Marijuana Mouth Spray Sativex Earns Austrian OK; Targets US Market Next
|Friday, Feb. 10, 2012 | ProCon.org | MORE HEADLINES|
On Feb. 7, 2012, Austria became the eighth country to approve the pharmaceutical Sativex, a marijuana-based mouth spray used to treat Multiple Sclerosis (MS) patients who suffer from spasticity.
Some peer-reviewed studies of Sativex, a drug manufactured by GW Pharmaceuticals in the United Kingdom, have found the drug effective at treating muscle spasms. Margaret Haney, a Professor of Clinical Neurobiology at Columbia University, tells myhealthnewsdaily.com that patients are less likely to abuse drugs in a mouth spray form because it takes at least an hour for patients to feel an effect compared to the minutes it takes to feel effects from smoking marijuana. However, drugs.com notes that after four sprays of Sativex, "both THC [tetrahydrocannabinol] and CBD [cannabidiol] are absorbed fairly rapidly and appear in the plasma within 15 minutes" of the first spray.
In addition to its MS application, Sativex has been approved for use as a cancer pain treatment in Canada and is currently in Phase III clinical development for this indication in the United States. New York Daily News reports that GW Pharmaceuticals hopes to earn FDA approval for Sativex in 2013.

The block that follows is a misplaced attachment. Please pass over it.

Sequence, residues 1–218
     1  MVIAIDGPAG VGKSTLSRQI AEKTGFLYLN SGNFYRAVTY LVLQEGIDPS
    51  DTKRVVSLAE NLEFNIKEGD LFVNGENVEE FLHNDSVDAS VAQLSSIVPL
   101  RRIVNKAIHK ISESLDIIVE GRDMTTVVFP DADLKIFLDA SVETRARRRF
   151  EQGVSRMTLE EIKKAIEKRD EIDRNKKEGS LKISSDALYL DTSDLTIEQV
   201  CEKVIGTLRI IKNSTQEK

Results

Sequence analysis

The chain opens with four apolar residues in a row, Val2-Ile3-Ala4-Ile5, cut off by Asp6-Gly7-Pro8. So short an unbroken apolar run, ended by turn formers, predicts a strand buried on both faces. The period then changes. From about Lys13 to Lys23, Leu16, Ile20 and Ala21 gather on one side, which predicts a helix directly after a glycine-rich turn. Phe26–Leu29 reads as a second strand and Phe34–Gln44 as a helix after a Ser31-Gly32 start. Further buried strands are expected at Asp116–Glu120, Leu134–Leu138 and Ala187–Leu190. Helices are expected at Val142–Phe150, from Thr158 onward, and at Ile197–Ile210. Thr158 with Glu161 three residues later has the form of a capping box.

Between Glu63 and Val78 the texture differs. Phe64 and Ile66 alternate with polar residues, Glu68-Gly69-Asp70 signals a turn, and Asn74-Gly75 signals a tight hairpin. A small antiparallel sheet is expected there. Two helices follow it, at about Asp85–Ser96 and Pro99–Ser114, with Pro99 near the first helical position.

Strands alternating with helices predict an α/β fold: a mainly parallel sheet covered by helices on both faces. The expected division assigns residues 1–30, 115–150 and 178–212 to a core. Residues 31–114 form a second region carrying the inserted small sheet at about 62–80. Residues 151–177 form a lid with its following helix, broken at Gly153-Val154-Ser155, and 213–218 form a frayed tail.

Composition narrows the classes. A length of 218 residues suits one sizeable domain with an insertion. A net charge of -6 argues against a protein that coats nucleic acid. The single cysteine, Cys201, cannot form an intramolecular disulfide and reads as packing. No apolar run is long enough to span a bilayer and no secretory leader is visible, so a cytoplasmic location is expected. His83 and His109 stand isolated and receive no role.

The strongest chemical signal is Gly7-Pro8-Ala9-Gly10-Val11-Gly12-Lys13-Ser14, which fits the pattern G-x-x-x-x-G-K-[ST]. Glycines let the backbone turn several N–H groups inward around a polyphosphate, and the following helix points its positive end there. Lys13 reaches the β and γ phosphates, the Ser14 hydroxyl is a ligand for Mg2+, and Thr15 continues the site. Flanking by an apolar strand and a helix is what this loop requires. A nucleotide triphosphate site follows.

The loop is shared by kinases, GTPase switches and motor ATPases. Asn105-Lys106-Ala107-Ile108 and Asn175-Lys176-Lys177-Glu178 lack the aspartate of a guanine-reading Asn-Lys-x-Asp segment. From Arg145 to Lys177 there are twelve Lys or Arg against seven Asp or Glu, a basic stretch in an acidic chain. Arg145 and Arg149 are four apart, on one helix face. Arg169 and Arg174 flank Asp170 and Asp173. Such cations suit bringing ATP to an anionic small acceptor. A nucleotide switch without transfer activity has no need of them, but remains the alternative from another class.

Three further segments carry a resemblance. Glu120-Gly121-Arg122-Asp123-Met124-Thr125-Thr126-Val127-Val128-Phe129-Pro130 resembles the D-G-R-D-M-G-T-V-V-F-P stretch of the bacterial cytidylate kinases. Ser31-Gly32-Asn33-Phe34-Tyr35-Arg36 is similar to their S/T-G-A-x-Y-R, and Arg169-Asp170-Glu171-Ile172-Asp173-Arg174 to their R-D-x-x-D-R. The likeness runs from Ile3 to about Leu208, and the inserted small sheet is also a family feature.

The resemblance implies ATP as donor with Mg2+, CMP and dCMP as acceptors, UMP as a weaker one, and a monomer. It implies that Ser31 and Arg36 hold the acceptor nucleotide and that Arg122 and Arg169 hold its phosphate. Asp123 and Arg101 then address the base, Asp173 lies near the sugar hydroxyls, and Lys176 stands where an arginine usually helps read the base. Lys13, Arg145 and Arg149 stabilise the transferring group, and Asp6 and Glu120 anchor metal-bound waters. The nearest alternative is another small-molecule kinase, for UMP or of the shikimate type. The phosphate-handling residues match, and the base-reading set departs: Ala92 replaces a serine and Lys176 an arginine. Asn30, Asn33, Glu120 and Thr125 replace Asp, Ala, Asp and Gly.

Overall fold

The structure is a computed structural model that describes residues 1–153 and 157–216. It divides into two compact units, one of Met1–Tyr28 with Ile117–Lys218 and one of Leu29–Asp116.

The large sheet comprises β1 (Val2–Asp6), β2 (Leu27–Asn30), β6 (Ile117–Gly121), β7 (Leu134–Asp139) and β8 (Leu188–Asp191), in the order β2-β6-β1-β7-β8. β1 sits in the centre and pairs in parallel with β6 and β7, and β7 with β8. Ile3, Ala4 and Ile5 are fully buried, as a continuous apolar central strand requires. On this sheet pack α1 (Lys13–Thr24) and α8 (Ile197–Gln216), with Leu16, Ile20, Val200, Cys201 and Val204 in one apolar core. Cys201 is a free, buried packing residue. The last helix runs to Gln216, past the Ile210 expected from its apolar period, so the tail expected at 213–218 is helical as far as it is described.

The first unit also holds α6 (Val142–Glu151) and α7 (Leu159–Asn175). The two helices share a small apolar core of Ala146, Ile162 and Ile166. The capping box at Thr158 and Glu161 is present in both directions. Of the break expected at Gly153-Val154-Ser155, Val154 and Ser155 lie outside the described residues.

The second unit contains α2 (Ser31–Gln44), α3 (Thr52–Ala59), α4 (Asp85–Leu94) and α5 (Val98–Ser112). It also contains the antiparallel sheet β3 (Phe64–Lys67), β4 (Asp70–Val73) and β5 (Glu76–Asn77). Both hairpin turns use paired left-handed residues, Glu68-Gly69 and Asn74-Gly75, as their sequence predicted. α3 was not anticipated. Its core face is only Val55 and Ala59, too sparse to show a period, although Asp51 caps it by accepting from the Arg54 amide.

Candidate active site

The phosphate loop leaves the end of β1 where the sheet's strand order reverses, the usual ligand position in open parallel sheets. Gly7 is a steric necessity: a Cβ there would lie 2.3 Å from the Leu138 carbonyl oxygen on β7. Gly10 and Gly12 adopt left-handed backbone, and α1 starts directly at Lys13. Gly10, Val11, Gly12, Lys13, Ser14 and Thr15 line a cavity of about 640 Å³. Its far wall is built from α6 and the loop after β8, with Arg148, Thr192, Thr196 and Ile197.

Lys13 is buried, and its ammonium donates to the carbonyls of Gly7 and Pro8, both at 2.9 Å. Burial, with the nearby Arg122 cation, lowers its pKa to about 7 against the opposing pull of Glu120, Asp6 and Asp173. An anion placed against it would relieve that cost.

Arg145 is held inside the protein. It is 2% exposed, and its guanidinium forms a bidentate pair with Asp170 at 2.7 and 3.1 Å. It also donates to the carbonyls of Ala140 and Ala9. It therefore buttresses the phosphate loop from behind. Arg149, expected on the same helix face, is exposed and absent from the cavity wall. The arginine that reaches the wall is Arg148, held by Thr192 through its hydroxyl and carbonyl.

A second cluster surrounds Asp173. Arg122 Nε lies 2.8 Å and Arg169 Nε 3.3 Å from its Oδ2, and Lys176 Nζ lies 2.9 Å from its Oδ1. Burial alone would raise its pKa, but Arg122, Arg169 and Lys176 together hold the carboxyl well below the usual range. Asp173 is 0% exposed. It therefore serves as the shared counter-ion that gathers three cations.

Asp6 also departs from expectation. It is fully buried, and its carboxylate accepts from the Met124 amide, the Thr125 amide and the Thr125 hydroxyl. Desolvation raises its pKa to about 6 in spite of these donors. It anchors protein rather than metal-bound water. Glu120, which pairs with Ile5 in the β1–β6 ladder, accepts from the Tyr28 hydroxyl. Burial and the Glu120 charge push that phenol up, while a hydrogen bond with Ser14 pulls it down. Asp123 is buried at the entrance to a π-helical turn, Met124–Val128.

Sativex contains two of marijuana's 400+ components, THC and CBD. Dr. Armando Villarreal, an Assistant Professor of Neurosurgery and Pain Management at the University of Rochester Medical Center in New York, says that the use of CBD in Sativex could cancel out some of the side effects of THC, such as the high marijuana users experience. Jacob Sullum questions in a reason.com article whether this formulation makes Sativex preferable to marijuana. The high that THC may cause is "an elevation of mood that seriously ill people might actually welcome," Sullum writes, "and how does GW Pharmaceuticals know that THC and CBD entirely account for marijuana’s beneficial effects?"
Sullum also observes that GW Pharmaceuticals has been successful at "marketing the drug to bureaucrats," and has shown "how a disreputable drug can be transformed into a respectable one." This marketing strategy does concern some medical marijuana advocates. Americans for Safe Access spokesman Kris Hermes tells New York Daily News, "To the extent that companies can produce effective medication that utilizes the components of the plant, that's great. But that should not be the exclusive access for people who want to be able to use medical marijuana."
Currently 16 states and Washington, DC have legalized medical marijuana, although it remains an illegal Schedule I drug under federal law.
"Sativex Oromucosal Spray," www.drugs.com, July 28, 2011
Jacob Sullum, "Sativex: Fast for Patients, Slow for Potheads," www.reason.com, Feb. 1, 2012
"Marijuana-Based Drug Sativex May Get FDA Approval," www.nydailynews.com, Jan. 22, 2012